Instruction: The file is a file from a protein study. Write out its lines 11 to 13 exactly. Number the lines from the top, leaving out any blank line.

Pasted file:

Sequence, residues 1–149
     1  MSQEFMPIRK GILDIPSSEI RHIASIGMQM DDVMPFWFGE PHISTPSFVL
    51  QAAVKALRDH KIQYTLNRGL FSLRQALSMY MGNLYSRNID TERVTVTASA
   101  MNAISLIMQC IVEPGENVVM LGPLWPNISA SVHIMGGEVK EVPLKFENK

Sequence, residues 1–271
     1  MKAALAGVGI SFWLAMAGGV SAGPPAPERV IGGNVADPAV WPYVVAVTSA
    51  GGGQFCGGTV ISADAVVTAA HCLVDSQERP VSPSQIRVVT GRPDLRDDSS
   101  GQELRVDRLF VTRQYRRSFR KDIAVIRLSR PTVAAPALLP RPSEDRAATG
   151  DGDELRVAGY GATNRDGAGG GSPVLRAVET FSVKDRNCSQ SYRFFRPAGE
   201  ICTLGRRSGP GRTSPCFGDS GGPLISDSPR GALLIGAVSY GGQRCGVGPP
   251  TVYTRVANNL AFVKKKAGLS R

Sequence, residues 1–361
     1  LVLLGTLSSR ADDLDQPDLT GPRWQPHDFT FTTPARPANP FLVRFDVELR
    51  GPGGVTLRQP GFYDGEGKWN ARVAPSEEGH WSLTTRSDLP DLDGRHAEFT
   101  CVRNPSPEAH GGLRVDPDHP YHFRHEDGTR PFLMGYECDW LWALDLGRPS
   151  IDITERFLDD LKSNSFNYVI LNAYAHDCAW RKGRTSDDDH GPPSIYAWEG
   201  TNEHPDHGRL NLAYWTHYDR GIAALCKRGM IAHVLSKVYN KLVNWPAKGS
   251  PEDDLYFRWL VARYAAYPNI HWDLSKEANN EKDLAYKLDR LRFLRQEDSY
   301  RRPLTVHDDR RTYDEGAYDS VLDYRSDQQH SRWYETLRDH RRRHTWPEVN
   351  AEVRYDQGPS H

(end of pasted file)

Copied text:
   251  TVYTRVANNL AFVKKKAGLS R

Sequence, residues 1–361
     1  LVLLGTLSSR ADDLDQPDLT GPRWQPHDFT FTTPARPANP FLVRFDVELR